If we can muster up the strength to do the latter and ask questions, we can gain a better insight into ourselves. We can also gain a better understanding of others and how they view the situation and our behavior. And only then, can we compare this information to our internal personal belief system and decide if it is right for us.

· Take a step back: After receiving the feedback and documenting the facts, take a pause. Put it aside for 24 or 48-hours so you can let it digest in your heart and mind. Hearing feedback about what is wrong with us usually generates destructive thoughts and emotions, which in-turn, limits our honesty. This type of attitude will always affect our reasoning. And, in order to find comfort in the situation, we may find ourselves justifying our behavior or reacting with what feels good in the moment, rather than what is right. In this state of mind, it is hard to produce positive change.

If you can step away from the situation for a couple of days and let yourself decompress, your objectivity can return. With this fresh perspective, you allow your heart in to have a say. And, once your mind clears and you are able to make healthy observations, transformational change can really occur.

Your addiction uses shame to keep your life stagnate. It knows that if you feel bad about yourself you will be less likely to generate the courage to improve your circumstances. Your addiction is keenly aware that it is much easier to move your life backward rather than push it forward. When shame dominates your being you seek solace in responses like “I don’t want to hear it” or “that won’t work for me” or “it wasn’t my fault”. For that moment, these responses provide a comfort, and that comfort makes you believe that you are okay. However, if you are really honest and truthful with yourself, you will recognize that you are moving backward, and your addiction has won again.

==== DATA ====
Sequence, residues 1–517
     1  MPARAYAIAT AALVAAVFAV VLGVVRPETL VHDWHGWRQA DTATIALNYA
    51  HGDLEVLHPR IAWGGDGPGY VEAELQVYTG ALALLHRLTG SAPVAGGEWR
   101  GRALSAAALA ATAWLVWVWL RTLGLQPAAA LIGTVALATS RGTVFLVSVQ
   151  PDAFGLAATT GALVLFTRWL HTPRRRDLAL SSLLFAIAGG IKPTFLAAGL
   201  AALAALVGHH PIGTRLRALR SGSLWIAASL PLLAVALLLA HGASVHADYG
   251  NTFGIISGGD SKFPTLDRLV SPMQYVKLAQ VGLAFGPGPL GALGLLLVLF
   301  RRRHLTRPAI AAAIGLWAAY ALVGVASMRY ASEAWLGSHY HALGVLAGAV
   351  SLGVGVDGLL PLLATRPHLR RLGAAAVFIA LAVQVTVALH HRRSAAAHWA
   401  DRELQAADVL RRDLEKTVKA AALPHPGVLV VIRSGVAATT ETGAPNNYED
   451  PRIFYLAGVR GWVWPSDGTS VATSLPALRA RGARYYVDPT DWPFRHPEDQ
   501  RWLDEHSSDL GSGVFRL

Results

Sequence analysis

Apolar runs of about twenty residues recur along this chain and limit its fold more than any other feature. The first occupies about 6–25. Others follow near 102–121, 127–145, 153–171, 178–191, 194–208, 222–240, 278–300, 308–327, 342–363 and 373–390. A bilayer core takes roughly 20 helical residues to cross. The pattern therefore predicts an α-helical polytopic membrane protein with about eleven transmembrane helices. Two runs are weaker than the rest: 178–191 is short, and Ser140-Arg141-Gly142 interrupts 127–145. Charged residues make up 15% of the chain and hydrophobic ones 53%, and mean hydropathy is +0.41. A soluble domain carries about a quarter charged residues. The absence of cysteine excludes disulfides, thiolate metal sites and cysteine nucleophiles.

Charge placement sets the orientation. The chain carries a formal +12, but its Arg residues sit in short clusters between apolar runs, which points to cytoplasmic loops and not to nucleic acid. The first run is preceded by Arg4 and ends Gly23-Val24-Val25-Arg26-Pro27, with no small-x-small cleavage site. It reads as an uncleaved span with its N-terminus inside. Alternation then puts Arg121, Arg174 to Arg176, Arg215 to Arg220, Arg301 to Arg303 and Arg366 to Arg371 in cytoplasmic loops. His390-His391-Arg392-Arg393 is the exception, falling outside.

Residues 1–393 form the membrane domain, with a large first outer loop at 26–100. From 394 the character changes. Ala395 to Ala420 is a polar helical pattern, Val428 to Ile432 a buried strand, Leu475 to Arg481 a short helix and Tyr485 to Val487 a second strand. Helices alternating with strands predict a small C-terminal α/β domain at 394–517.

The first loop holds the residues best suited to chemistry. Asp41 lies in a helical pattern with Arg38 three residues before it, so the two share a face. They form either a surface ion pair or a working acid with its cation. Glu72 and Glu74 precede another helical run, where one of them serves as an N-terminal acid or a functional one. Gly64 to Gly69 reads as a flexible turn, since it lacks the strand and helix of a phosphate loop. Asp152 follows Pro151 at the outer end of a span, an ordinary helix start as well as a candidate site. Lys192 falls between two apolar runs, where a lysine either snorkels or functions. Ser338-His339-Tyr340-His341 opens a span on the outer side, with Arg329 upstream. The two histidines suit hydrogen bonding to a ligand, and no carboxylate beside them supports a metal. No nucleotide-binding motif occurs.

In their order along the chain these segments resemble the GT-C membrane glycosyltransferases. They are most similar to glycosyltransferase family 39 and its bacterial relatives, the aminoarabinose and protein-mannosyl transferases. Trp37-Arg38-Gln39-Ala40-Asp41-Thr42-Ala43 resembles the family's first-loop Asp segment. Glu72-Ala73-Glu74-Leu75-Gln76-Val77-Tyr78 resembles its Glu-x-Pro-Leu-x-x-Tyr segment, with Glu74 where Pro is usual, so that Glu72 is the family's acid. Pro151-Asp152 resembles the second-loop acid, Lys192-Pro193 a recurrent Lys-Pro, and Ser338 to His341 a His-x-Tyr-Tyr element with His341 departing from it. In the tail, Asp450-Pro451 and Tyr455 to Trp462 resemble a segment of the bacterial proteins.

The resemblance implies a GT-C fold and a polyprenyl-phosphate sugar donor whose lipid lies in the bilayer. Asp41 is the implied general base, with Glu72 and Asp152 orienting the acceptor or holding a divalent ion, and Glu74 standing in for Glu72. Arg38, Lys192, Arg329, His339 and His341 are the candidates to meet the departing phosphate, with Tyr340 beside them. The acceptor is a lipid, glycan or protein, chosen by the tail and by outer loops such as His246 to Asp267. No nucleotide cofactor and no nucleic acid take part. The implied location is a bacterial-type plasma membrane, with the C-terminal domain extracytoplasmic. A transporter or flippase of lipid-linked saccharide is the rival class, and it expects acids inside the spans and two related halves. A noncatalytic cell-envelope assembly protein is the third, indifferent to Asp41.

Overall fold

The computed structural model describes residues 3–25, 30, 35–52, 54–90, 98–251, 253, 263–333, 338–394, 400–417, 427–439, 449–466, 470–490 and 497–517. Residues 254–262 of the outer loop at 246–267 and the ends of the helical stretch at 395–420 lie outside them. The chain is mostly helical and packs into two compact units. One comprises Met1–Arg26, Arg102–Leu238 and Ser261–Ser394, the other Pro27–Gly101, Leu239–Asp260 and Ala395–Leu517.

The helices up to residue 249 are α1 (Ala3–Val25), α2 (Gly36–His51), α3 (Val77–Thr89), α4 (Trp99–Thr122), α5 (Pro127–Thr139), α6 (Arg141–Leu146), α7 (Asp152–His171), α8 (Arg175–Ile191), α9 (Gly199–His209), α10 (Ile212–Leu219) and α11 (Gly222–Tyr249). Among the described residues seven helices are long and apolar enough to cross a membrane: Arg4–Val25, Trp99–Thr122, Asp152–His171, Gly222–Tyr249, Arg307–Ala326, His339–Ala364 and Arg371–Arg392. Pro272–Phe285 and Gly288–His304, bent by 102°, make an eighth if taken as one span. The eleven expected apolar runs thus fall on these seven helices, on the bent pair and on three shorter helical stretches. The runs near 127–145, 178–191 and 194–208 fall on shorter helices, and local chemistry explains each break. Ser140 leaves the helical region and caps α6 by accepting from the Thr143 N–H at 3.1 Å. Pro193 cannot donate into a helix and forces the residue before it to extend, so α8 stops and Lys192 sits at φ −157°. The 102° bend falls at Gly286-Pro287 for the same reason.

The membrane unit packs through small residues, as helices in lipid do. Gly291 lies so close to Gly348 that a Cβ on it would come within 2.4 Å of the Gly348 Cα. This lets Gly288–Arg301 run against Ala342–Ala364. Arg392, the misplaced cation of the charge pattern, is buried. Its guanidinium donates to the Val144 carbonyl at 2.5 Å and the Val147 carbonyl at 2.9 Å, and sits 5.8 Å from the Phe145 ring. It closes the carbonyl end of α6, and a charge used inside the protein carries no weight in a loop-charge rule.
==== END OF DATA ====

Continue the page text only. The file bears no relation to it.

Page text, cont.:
Who do you want to influence your behavior: your coach or your addiction?


Addiction treatment is about so much more than staying clean. It starts with finding a reason to stay clean. A reason that is more powerful and motivating than that voice in you head that continually suggests a hit or a drink is the answer. Choice Recovery's alcohol and drug addiction treatment program is here to assist you in finding that reason to stay free from drugs and alcohol. We are here to foster a lifestyle that results in better relationships, a more satisfying career, and a life full of joy.

If this sounds like something you want, please visit our facility in Mesa, Arizona or call us at 480-527-0337. Choice Recovery offers intensive outpatient alcohol and drug treatment ("IOP") to those ready to make a life change. We take AHCCCS insurance including Mercy Care, United Healthcare, Care 1st, Banner University, Health Choice Arizona, and AZ Complete Health. Choice Recovery also accepts private insurance like Blue Cross Blue Shield.

Our office is located at 2222 S Dobson Rd., Ste 1002, Mesa, AZ 85202 which is in building 10 in the Dover Shores Office Complex. Once you find the courage to make a life change, our clinical team would be honored to support you on the journey!